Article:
2/20/2014 3:20:00 PM Commentary: Yavapai College serves Verde Valley students, businesses and economy
Some stakeholders have voiced concerns over Yavapai College resource equality.
By: Dr. Penny Wills Yavapi College President
"Yavapai College has been a life-changing experience for my family and me. Without the caring faculty at Yavapai College, the school would not be the extraordinary place it is, leading its students toward success. Being a student at Yavapai College has helped me grow as a person and a student. My experiences there confirm that it's a great college."
-- Hannah Shelley, Sedona resident and 2013 YC grad
Hannah is one of the many Verde Valley students that I've gotten to know in my time as president of Yavapai College. She's an inspiration to me and to all of us who are here for the sole purpose of providing quality, affordable education for all the people of Yavapai County. Yes, all the people.
Hannah's experience and statement stand in stark contrast to recent attempts in the Verde Valley to misrepresent the intentions of the college. Although Hannah took classes and graduated on the Clarkdale campus, she makes no distinction between one YC campus and another - she experienced Yavapai College.
We intend to maintain and enhance that experience for current and future students on the Verde Valley campus. The recently renovated campus features a modern library, a new student union, an art gallery and arts center, a learning center, a fitness center, the iconic Mabery Pavilion, up-to-date education technology, a robust data center, the Southwest Wine Center, state-of-the-art labs, beautiful landscaping, veterans programs and a friendly staff providing financial aid, counseling, tutoring and university transfer services.
Looking ahead, the University of Arizona has agreed to partner with the Verde campus on new agricultural programs. We are also working with UofA to develop sustainability partnerships to examine such issues as water and energy that are critical to Verde Valley's future. That's in addition to the strong partnerships that Yavapai College has with K-12 schools, including developing an International Baccalaureate program in the Verde Valley. All in all, the Verde Valley campus is well positioned for anticipated enrollment growth and would be ready and willing to take action to accommodate additional growth.
As we gathered data and opinions about the future healthcare needs of Yavapai County and Northern Arizona, it became clear that there was a need for a modern training center for future healthcare professionals. Unfortunately, the cost of equipment, educators and technology makes duplicating such training in multiple locations across the county prohibitive. Most of the county's population growth is projected to be in the Prescott Valley area, which is more central to county residents than either Prescott or Verde Valley. Given these facts and support from the four hospitals in the county, it seems reasonable that the planned Center for Excellence in Nursing and Allied Health would be targeted for that area of the county.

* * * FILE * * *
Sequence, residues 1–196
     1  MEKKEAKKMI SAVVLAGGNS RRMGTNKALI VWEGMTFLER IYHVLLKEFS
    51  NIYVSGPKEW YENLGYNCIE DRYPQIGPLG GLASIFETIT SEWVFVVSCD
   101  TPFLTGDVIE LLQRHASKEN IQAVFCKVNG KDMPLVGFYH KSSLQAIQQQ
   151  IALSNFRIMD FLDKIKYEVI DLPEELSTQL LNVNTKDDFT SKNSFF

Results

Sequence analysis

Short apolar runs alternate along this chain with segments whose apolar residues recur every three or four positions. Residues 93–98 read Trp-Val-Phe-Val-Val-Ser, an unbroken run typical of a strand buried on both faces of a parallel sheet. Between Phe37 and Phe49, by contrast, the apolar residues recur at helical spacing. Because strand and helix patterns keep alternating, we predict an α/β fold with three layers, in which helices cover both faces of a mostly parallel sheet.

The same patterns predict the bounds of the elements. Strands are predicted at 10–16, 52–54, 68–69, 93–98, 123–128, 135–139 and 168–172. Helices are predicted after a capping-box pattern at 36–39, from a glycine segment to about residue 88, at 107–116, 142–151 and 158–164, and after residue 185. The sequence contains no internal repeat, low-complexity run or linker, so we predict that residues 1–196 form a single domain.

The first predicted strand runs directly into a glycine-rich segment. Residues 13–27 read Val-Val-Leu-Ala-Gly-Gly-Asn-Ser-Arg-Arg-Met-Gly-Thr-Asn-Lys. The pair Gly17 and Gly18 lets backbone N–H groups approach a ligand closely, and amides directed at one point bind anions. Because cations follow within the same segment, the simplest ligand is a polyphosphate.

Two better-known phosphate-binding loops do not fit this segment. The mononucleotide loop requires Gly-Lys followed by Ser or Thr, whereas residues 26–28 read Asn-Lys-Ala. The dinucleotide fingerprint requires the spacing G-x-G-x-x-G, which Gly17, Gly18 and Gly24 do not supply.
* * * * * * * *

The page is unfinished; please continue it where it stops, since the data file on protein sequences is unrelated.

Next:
Questions about the apportionment of property taxes for Yavapai College miss the point, as well. The fact is that estimated property tax revenues from the Verde Valley have averaged $12.2 million a year for the past four years, and estimated expenses, operating and capital, have averaged $12.5 million. More importantly, taxes provide for the benefit of the larger community of which we're a part - Yavapai County, for instance. The "benefits" are not just what specific areas of the community get back, dollar for dollar, for the taxes they pay. Do reasonable taxpayers who don't use fire or police services begrudge the use of their taxes for these services? What if you seldom use the library? When there's an accident on the streets of Cottonwood or Sedona, do we check to see if the victims are taxpayers before sending emergency services? No, because we're a community that depends on services - higher education, now more than ever - that define and maintain a civilized, democratic, prosperous society.
So what are Verde Valley residents getting for their tax dollars? A sampling:
A modern, full-service, nationally accredited Verde Valley campus with room for growth;
Access to a host of academic programs taught by talented faculty from throughout the county;
In-class, hybrid and online academic courses that transfer to national and our state universities;
YC OLLI and community ed programs;
Dual credit classes at local high schools that allow students to earn college credits at no cost while still in high school;
Yavapai College's support for the Verde Valley's economic development with the Southwest Wine Center, the Regional Economic Development Center and the Small Business Development Center;
A presence that contributes to the quality of life in the Verde Valley and helps support property values.
There's much more, but I'd rather close with this comment from KAZM radio host Steve Williamson on a recent program:
"The community college has always provided inexpensive education, and I don't know how many stories I've heard about kids getting turned on to education at the Clarkdale campus of Yavapai College. Our son is an example. He went to the Clarkdale campus, was in a biology class. He had never really been interested in study and he had kind of had a revelation-'I like studying, I like learning.' He is now looking for a Ph.D. program. So it does work and that's one story, but when Mike [Cosentino] and I were walking around talking to folks, we heard a dozen of these stories about young people getting turned on to learning at the community college."
Dr. Penny Wills is the president of Yavapai College.